Finally, since fan fiction is organized primarily in large sites, such as fanfiction.net, by storyline and even character, it’s very easy for a plagiarist to find a large volume of similar material to steal. Also, since this spreads out the plagiarism over, potentially, dozens of authors, the odds of any one author discovering plagiarism drops yet again and, even if it is discovered, tracking down the original authors can be a mammoth challenge.
The end result is that fan fiction plagiarism is difficult to detect, hard to trace back and impossible to effectively prosecute under copyright law. This can make fighting fan fiction plagiarism seem to be an impossible task. However, their is hope, it’s just a matter of turning to less orthodox means.
The one thing that a fan fiction author has that most other copyright holders lack is a very strong community base. Fan fiction authors and readers tend to band together in small, but very tightly-knit community. United by their love for a storyline and desire to see it continue, fan fiction groups more closely resemble a fan club than a traditional writing community. They are, generally, very close and everyone knows each other beyond their relationship as authors and readers.
As such, most followers of fan fiction for a particular story line generally know one another at least fairly well and talk regularly amongst themselves. Though even the most avid fan of Star Trek fan fiction isn’t going to know every single fan fiction author, he or she certainly will know the major ones and will spend most of his time reading material related to the storyline. As such, the likelihood of someone detecting plagiarism on accident, by realizing they’re reading the same story twice, goes up dramatically and the community element of the genre makes it more likely that they will report the plagiarism to one or both of the authors involved.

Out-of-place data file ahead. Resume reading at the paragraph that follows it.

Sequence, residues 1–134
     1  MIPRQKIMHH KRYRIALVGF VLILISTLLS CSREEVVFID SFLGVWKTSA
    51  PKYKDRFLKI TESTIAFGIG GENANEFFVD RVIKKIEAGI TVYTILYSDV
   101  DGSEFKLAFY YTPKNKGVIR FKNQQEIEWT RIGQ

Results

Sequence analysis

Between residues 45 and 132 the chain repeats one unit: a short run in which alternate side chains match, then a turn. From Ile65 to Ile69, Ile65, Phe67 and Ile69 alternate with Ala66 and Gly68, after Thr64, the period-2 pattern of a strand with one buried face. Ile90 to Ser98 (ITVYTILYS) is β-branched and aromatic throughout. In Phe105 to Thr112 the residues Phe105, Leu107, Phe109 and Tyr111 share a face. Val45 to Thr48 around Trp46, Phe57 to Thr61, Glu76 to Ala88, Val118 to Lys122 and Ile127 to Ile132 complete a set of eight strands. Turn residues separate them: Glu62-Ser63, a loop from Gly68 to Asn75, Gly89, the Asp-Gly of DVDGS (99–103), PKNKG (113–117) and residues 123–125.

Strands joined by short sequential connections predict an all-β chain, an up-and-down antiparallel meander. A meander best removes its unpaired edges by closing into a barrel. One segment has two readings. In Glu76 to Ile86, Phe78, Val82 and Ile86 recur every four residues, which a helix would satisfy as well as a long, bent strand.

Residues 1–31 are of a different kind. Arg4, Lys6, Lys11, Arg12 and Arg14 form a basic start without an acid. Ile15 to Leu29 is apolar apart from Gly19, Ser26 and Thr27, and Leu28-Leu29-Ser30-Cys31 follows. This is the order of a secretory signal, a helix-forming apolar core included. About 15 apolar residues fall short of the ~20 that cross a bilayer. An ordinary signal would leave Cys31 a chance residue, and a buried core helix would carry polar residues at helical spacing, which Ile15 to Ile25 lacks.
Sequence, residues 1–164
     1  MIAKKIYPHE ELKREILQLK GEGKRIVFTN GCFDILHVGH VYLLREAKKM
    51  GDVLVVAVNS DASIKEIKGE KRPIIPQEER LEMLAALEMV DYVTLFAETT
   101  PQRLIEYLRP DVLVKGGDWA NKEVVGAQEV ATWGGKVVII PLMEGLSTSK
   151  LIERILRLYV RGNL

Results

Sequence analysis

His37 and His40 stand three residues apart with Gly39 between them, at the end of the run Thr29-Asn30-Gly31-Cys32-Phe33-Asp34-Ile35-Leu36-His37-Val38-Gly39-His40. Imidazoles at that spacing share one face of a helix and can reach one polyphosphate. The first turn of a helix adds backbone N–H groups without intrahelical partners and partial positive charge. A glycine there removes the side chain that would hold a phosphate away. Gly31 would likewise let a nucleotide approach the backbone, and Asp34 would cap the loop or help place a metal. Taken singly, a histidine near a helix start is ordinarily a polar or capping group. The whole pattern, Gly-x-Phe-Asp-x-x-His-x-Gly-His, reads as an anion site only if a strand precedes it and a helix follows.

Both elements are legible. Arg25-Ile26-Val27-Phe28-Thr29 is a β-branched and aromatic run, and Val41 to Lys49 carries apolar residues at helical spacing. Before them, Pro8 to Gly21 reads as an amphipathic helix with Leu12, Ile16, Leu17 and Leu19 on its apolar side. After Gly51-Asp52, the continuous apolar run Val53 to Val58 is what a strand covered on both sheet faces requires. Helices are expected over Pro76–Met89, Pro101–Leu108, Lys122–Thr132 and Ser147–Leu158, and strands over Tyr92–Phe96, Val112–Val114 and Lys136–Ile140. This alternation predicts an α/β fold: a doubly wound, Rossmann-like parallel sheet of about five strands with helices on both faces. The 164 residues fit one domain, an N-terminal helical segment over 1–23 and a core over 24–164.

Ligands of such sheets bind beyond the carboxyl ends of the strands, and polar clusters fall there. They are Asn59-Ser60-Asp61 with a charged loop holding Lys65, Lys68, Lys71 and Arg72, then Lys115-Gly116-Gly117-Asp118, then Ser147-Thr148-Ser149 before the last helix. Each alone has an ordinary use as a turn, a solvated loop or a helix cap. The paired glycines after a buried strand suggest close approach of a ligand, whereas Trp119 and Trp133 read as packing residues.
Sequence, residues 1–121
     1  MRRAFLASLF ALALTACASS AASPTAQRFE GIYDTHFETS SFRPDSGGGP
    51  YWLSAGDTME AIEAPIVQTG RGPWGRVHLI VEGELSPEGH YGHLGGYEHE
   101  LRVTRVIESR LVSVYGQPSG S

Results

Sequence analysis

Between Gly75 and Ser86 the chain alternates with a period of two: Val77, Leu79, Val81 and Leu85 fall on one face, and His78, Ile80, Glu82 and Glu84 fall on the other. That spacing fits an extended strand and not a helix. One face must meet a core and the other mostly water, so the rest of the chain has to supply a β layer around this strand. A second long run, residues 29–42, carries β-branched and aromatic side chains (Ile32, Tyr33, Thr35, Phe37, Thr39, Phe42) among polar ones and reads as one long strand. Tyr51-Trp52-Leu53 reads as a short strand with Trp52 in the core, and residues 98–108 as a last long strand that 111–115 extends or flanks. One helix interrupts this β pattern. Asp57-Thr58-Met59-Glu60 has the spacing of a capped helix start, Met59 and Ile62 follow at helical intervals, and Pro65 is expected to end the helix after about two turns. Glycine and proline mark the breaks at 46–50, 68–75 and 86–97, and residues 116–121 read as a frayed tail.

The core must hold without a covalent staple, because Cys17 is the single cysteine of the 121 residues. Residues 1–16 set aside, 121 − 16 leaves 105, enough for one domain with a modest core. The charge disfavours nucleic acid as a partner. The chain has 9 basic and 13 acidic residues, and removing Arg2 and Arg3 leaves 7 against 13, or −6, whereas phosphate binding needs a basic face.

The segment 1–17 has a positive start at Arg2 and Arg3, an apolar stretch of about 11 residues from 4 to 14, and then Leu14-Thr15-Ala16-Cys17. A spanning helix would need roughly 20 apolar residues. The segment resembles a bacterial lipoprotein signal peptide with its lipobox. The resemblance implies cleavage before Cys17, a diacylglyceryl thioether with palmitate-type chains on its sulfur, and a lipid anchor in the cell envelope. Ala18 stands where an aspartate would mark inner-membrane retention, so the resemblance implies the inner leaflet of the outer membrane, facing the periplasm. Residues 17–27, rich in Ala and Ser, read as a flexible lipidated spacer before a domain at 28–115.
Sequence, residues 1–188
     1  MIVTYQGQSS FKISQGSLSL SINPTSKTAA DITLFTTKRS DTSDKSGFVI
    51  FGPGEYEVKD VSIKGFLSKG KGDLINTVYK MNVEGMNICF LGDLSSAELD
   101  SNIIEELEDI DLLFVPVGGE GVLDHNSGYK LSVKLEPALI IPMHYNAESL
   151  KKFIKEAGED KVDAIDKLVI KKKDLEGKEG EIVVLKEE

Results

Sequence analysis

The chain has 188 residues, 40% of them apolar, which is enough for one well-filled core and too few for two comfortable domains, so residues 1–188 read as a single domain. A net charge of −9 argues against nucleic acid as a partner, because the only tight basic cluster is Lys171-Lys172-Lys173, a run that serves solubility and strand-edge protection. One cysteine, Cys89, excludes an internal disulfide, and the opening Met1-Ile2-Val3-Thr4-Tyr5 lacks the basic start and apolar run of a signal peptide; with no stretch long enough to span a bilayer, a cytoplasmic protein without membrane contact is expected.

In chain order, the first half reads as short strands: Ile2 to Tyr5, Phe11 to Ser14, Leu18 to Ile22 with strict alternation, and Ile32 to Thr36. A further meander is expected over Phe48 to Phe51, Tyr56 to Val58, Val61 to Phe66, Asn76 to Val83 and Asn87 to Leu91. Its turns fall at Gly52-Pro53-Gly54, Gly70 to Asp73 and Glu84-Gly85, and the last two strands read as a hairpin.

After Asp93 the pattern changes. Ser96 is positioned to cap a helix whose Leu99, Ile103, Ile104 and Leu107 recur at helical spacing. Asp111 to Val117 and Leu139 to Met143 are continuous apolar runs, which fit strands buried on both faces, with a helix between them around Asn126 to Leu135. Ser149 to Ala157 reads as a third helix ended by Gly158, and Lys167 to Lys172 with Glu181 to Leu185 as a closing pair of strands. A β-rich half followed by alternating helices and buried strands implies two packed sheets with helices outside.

Best of all though, fan fiction communities are notoriously united in their battle against plagiarism. Plagiarism is, by in large, seen as a cardinal sin in the community and plagiarists are ostracized and dealt with harshly. However, for whatever reason, this form of mob justice rarely seems to go too far. Though fan fiction communities willingly make their displeasure at plagiarists known, they rarely involve the personal threats, fowl language and other hallmarks that give mob justice such a bad name. By in large, these acts are just a coordinated effort by the community to isolate the plagiarist and support the victim.
In the end, it’s one of the few times that mob justice can be both civilized and effective. To my knowledge, all incidents of fan fiction plagiarism that have been dealt with in this way were closed out without any illegal activities taking place. Though these incidents certainly brought a great deal of tension to their communities, one might argue that such drama is typical of fan fiction groups, or perhaps fan groups in general.
Though one’s recourse against plagiarism when writing fan fiction is limited, it’s not a hopeless struggle. It requires a different mindset and a different set of rules, but such incidents can be resolved.
Regardless though, given the copyright issues surrounding fan fiction, the least of which includes plagiarism, authors should be very careful before trying their hand at it. Most of the copyright issues can be resolved by simply keeping the plot and overall concepts, but removing it from the universe in which it exists. While this might cost a fan fiction author the instant fan base that comes with writing for a familiar storyline, it can ensure that the author owns the work he or she creates and helps the author establish an independent fan base.
Nonetheless, this is a personal choice that every writer has to make.
[tags]Plagiarism, Content Theft, Fan Fiction, Copyright Infringement, Copyright Law, Copyright, DMCA[/tags]